Heart Transplants From Overdose Deaths Are Soaring, With Promising Results

It’s not an “ideal or sustainable” solution to organ shortages, say researchers, but a tragic rise in overdose deaths since 2000 has an unlikely silver lining.

Heart Transplants From Overdose Deaths Are Soaring, With Promising Results

The number of heart donors who died from drug overdoses has soared since 2000, and according to new data, patients who receive these organs are just as likely to have successful transplants as those who receive hearts from donors who died of medical causes or trauma.

Five-year survival following transplantation also is comparable between groups.

“Organ donation after overdose death has increased dramatically in parallel with the opioid epidemic in the United States,” lead author Christine M. Durand, MD (Johns Hopkins University School of Medicine, Baltimore, MD), and colleagues write. “Although this is not an ideal or sustainable solution to the organ shortage, use of overdose-death donor organs should be optimized.”

Published online yesterday in the Annals of Internal Medicine, the study included data from 337,934 kidney, liver, heart, and lung transplant recipients treated at 297 US centers between January 2000 and September 2017. Donors who died from overdoses increased from 1.1% of the overall donor pool to 13.4% over the study period, and they were more likely to be white, aged 21 to 40 years, infected with hepatitis C, and at increased infectious risk.

The number of heart donors who died from overdoses was close to zero in 2000, and it increased to 454 in 2016. For heart recipients who received new organs from donors who died of a drug overdose, trauma, or medical conditions, the unadjusted 5-year survival rates posttransplant were 79.2%, 77.5%, and 74.4%, respectively. In fact, standardized graft survival was slightly higher for overdose-death donors using propensity score–weighted standardized risk differences compared with organs that came from donors who died from trauma (1.9% higher) or medical causes (2.6% higher).

Importantly, 117 hearts (1.0%) recovered from overdose-death donors were subsequently discarded, and this rate of discard was slightly higher than that seen with organs from trauma-death donors (0.6%) and slightly lower than those from medical-death donors (1.5%).

Overdose-death donors were more likely than those who died from trauma and less likely than those who died from medical causes to have hypertension, diabetes, or previous MI. Also, a higher percentage of overdose-death donors (18.3%) were infected with the hepatitis C virus than those who died from trauma (3.2%) or medical causes (4.1%). Moreover, the prevalence of hepatitis C-infected donors has risen steadily among overdose-death donors since 2000.

The ‘Silver Lining’

According to Eiran Gorodeski, MD (Cleveland Clinic, OH), who commented on the study for TCTMD, the “silver lining” is that the number of heart transplants has increased over time. However, “the total number of transplants is still just a drop in the bucket of what the need is,” he added, noting that between 100,000 and 300,000 people in the US are believed to have advanced heart failure and therefore could theoretically benefit from a heart transplant, but only about 2,700 receive them.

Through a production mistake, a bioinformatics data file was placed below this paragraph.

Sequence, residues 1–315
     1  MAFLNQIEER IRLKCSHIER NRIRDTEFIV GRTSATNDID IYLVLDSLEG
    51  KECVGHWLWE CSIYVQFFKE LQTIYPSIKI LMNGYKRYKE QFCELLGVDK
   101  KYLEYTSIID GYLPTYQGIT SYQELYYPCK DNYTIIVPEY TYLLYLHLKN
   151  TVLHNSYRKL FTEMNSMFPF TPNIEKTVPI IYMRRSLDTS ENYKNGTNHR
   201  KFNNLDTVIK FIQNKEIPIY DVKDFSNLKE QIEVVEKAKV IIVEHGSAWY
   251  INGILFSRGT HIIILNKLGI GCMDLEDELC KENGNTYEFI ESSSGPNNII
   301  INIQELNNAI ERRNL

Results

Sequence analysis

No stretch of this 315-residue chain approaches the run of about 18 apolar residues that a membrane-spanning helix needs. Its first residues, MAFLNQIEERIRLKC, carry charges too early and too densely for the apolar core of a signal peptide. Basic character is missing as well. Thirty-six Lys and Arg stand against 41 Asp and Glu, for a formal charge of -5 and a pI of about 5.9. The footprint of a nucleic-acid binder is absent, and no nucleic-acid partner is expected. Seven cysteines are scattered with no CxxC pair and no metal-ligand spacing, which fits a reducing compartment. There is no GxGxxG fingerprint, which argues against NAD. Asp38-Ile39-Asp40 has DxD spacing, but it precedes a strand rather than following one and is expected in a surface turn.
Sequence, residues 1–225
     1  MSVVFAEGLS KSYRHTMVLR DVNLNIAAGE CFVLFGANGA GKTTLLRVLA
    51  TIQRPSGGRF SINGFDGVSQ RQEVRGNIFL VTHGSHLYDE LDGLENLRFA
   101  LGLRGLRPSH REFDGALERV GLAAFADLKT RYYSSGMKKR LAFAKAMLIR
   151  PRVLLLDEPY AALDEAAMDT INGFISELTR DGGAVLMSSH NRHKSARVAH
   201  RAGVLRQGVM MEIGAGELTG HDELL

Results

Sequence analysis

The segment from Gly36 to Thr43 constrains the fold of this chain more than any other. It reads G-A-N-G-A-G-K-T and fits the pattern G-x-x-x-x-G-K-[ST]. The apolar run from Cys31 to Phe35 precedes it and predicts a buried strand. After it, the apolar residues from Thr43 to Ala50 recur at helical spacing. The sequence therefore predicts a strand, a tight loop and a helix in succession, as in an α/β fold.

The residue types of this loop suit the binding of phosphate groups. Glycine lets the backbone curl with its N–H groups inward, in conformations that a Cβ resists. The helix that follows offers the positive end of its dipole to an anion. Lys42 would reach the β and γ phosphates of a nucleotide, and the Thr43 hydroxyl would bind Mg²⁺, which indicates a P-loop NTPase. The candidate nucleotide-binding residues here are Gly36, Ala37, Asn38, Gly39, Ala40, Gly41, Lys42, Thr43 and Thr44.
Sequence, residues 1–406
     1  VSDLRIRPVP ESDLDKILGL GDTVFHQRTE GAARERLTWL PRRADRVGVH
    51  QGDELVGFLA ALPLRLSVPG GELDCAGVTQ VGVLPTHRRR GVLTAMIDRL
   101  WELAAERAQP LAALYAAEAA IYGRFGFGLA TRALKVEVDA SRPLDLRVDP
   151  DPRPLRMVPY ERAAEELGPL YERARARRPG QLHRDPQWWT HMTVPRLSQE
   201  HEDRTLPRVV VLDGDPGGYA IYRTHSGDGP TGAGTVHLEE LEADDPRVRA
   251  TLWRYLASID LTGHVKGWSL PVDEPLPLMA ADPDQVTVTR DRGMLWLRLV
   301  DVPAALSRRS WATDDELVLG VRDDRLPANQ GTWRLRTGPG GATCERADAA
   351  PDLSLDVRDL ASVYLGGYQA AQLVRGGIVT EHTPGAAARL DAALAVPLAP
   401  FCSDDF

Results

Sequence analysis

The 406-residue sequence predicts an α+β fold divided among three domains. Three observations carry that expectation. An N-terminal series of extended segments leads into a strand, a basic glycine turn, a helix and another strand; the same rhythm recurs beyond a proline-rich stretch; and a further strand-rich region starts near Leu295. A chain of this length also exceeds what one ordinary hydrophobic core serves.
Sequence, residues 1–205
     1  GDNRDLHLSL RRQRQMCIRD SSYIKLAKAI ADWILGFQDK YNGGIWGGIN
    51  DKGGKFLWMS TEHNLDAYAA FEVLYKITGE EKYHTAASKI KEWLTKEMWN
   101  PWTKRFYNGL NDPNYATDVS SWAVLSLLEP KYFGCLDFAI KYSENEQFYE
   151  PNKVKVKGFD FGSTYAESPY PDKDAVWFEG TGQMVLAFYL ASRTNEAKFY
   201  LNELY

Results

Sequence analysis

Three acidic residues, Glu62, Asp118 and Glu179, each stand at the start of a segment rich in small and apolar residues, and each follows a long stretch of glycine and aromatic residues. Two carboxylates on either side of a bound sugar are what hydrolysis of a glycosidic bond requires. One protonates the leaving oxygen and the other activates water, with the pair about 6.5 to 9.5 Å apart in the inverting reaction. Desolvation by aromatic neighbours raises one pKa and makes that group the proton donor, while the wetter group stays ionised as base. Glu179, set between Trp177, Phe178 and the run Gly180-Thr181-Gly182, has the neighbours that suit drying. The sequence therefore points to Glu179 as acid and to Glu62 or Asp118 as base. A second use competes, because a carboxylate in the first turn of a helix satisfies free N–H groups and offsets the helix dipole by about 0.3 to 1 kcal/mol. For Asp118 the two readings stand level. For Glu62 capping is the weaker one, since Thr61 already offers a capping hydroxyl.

“There's a tremendous need to increase the donor pool, and many people have been working on this very hard,” Gorodeski said. One avenue to do this, he suggested, would be to accept “more donors who previously were considered too high risk to take, especially ones with infections like hepatitis C.”

Within the last few years, he explained, the number of offers of organ donations from donors with hepatitis C “has really skyrocketed.” To take advantage of this, his institution has created algorithms to accept these donations, programs to educate patient recipients about the risks involved, and treatment plans to address the inevitable hepatitis C that develops posttransplantation.

“Our experience here has been that many patients agree and they consent that if a hep C donor ever becomes available, they consent to take it,” Gorodeski said. “A lot of people on the heart transplant list just feel so poorly because of advanced heart failure that any opportunity to get a heart transplant is embraced.”

A lot of people on the heart transplant list just feel so poorly because of advanced heart failure that any opportunity to get a heart transplant is embraced. Eiran Gorodeski

In an accompanying editorial, Camille Nelson Kotton, MD (Massachusetts General Hospital, Boston), makes a similar point. “We should address whether ongoing social bias and stigma about issues surrounding drug overdose, HIV infection, and hepatitis C virus infection may influence clinician and patient decision-making with regard to overdose-death donor organs,” she writes. “The transplant community should understand these new data and forge ahead toward better transplant outcomes for more recipients.”

Gorodeski said he encourages all heart transplant centers around the country to “have open conversations with people on the waiting list about the fact that there's a higher chance these days that they may get offers from donors who died from overdoses.” Further, institutions that might not yet be accepting organs from these donors “should really look at this paper very closely and maybe liberalize their criteria, because what we're seeing here is that the donor pool from these types of donor deaths has increased, number one, and number two, it's not dangerous,” he advised.

  • Durand reports receiving support from the Division of Intramural Research, National Cancer Institute.
  • Kotton reports receiving personal fees from Merck, Astellas, Qiagen, Oxford Immunotec, Shire, and Roche and grand support from Oxford Immunotec.
  • Gorodeski reports no relevant conflicts of interest.